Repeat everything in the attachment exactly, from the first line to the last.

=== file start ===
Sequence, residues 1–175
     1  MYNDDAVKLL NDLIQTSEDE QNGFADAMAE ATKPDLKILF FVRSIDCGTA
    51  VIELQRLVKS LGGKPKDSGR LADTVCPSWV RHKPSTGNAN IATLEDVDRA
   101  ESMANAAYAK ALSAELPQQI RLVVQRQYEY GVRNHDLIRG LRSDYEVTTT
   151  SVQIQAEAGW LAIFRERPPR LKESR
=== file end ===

Sequence, residues 1–175
     1  MYNDDAVKLL NDLIQTSEDE QNGFADAMAE ATKPDLKILF FVRSIDCGTA
    51  VIELQRLVKS LGGKPKDSGR LADTVCPSWV RHKPSTGNAN IATLEDVDRA
   101  ESMANAAYAK ALSAELPQQI RLVVQRQYEY GVRNHDLIRG LRSDYEVTTT
   151  SVQIQAEAGW LAIFRERPPR LKESR